PG&E Chairman Robert D. Glynn Jr. acknowledged that the company's decision followed the governor's April 5 proposals. “We listened to the statement and the commentary that followed and this decision is the result,” Glynn told a news conference following the bankruptcy filing. “The regulatory and political processes have failed us, and now we are turning to the court” to protect the company's shareholders, he said.
Davis—who has sought to maneuver between the conflicting interests of various utility companies, big banks, energy suppliers and other corporate entities—could do nothing but issue a meek protest after PG&E's decision, saying the company had “plunged themselves into bankruptcy for their own strategic advantage.” A leading member of the Public Utilities Commission called the filing “a self-serving and cynical move by PG&E's management to protect shareholders at the expense of the company's ratepayer.” In the end, however, the verbal protests could not hide the fact that the state government was prostrate before the decisions of the energy giant and its financial backers.The impact of PG&E's bankruptcy
Both the immediate and long-term effects of the PG&E bankruptcy will be extensive. The energy rate plan proposed by Davis is now null and void, as it will be up to the bankruptcy court to determine the scale of future consumer rate increases, which are expected to be higher than anything previously proposed.
Within hours of the utility's announcement the effects of the Chapter 11 filing were being felt on the New York Stock Exchange. Stock trading in PG&E's parent company was temporarily suspended just prior to the bankruptcy pronouncement. Upon resumption, the share price slid 37 percent to $7.20. The market also battered the stock of Edison International, of which SoCal Edison is a subsidiary, with its share value plunging 35 percent. Major bondholders, lending institutions and energy brokers whose finances are tied into the utility also felt the effects of the bankruptcy filing, with the stocks of JP Morgan, Bank of America, Duke Energy, Calpine, MBA and others undergoing percentage point drops of between 4 and 9 percent.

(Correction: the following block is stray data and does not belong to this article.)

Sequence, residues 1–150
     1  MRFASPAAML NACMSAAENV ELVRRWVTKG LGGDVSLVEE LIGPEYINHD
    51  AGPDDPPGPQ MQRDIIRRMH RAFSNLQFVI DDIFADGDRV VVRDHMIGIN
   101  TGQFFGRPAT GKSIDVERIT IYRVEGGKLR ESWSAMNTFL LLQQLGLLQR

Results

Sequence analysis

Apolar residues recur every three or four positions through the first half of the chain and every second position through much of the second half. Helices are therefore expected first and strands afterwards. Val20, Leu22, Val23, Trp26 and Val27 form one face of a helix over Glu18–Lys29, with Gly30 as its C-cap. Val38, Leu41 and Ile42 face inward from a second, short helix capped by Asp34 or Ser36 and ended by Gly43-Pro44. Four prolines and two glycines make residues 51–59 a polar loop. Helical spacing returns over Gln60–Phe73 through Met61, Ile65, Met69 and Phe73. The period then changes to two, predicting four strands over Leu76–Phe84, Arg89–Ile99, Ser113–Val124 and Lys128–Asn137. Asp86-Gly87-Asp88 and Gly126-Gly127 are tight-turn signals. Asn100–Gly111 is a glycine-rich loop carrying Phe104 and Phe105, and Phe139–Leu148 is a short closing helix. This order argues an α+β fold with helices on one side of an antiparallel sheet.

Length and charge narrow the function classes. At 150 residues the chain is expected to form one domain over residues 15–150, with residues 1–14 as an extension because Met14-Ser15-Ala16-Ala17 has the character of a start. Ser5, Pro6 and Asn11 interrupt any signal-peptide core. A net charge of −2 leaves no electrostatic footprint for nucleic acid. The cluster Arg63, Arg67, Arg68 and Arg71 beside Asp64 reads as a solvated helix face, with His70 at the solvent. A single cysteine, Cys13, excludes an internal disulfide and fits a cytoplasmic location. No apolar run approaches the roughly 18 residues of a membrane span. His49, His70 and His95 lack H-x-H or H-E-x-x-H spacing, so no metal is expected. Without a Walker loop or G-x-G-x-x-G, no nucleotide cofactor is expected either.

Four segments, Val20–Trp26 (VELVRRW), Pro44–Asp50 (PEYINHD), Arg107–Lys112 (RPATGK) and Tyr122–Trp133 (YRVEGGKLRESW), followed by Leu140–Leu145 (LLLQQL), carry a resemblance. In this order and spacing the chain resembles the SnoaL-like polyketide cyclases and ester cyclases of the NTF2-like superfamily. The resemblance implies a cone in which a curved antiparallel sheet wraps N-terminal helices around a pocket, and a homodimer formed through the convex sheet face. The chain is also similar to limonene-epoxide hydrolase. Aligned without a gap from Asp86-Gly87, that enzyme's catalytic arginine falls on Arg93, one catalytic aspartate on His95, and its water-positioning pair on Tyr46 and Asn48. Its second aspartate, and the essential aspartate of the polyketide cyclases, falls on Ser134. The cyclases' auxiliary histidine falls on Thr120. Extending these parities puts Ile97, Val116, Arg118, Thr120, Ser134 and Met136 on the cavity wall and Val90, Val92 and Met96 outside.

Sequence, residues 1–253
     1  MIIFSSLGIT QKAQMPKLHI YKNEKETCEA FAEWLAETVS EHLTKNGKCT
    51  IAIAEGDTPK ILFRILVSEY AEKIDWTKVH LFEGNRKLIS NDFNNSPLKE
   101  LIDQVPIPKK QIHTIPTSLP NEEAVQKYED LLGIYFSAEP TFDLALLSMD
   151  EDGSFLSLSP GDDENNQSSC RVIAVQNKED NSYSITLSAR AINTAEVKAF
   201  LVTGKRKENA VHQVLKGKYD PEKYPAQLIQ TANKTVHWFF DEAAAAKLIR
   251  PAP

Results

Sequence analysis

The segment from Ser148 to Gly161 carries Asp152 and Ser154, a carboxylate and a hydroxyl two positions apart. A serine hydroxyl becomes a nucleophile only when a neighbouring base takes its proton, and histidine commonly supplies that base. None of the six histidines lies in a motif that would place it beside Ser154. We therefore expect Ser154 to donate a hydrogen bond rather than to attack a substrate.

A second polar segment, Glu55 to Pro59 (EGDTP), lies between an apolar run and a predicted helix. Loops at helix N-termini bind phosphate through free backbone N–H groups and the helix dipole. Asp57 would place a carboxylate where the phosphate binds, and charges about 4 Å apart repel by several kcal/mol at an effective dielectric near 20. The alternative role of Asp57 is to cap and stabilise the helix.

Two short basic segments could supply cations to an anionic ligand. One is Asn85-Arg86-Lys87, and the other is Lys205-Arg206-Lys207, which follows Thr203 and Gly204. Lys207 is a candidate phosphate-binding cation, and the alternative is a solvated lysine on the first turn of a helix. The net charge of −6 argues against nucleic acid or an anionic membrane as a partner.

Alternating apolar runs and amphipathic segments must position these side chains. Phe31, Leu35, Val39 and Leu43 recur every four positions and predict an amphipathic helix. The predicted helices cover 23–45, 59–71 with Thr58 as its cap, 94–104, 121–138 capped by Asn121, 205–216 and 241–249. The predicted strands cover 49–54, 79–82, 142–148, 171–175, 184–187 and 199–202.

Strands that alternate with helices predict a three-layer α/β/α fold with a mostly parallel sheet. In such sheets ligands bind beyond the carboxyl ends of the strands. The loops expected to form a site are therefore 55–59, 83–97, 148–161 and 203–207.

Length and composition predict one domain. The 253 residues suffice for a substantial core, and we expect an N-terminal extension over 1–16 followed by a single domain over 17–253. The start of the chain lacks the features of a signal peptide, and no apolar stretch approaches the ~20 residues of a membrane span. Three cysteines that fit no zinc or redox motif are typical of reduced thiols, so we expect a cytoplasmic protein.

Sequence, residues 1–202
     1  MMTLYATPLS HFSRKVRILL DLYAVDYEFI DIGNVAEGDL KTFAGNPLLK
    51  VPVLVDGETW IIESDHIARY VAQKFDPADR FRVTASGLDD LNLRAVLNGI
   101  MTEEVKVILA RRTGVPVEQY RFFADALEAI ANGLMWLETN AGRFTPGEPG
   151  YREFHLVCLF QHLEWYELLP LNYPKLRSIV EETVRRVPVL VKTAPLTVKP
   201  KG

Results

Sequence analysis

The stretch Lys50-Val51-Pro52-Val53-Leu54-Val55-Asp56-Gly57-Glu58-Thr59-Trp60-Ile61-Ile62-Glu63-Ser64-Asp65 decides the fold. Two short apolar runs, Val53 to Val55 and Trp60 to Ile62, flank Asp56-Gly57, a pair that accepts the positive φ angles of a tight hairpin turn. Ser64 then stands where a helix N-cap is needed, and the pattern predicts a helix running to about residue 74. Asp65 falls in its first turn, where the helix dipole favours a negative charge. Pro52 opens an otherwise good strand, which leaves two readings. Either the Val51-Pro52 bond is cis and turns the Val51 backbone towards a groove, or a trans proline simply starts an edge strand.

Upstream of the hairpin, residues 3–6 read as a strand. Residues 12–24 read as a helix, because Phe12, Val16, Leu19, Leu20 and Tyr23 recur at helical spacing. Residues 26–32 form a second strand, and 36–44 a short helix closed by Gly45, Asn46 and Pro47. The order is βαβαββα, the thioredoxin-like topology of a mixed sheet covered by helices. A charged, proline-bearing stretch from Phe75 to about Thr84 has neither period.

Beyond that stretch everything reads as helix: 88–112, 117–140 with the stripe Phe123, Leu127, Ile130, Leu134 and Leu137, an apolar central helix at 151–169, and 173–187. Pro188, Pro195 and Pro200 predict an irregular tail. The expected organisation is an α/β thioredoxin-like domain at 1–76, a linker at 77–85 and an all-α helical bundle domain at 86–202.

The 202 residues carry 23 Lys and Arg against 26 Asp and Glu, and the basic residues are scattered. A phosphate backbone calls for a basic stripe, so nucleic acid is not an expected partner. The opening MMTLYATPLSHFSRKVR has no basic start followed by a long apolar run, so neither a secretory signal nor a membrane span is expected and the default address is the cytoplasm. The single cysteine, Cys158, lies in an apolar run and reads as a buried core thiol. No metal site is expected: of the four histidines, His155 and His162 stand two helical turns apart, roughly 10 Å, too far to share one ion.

Two major credit-rating agencies, Moody's and Standard and Poor, responded to the situation by reducing the bond status of the entire state of California from stable to negative. Such a move calls into question the viability of the multibillion-dollar bond sale authorized by the legislature to shore up the state's finances.
PG&E has also ceased paying dividends on its stocks. Several articles in major newspapers have pointed out that a number of middle and working class families have savings tied into stock in the company, as utilities are often perceived as a relatively safe investment.
While the protections afforded under Chapter 11 provide some degree of immediate stability for PG&E, as creditors are unable to sue the company, smaller energy suppliers that lack large cash reserves are in an extremely vulnerable position. Many may shut their doors because they are unable to wait months, if not years, for the bankruptcy judge to make payment arrangements.
If these producers are forced to close, or if they refuse to sell their power, the state's energy supply will be further restricted, driving up wholesale energy prices even more as demand peaks during the summer months. The Bush administration has refused to compel suppliers to continue selling power to California or to cap the prices they charge.
In addition to the extensive job losses that are expected at PG&E, it is anticipated that the various companies whose business operations are intertwined with the utility will also see cutbacks as the financial fallout reverberates throughout the economy.
Before filing bankruptcy the utility made sure big investors, executives and senior managers were handsomely paid off. According to the San Francisco Chronicle, PG&E issued bonuses—later estimated to be around $50 million—to 6,000 higher-level employees one day before the company filed for bankruptcy. Although his total compensation for 2000 is not yet available, according to the company's last proxy statement in 1999, corporate chief Robert Glynn made $2 million in salary and bonuses.
PG&E is also currently under investigation by the Public Utilities Commission to see if it transferred billions of dollars to its parent company, PG&E Corporation, which then disbursed it as dividends to shareholders, even as its California subsidiary was accumulating a growing mountain of debt. Whatever the findings of this inquiry, due to the Chapter 11 status of the company the PUC will be virtually powerless to enforce any corrective measures on the utility.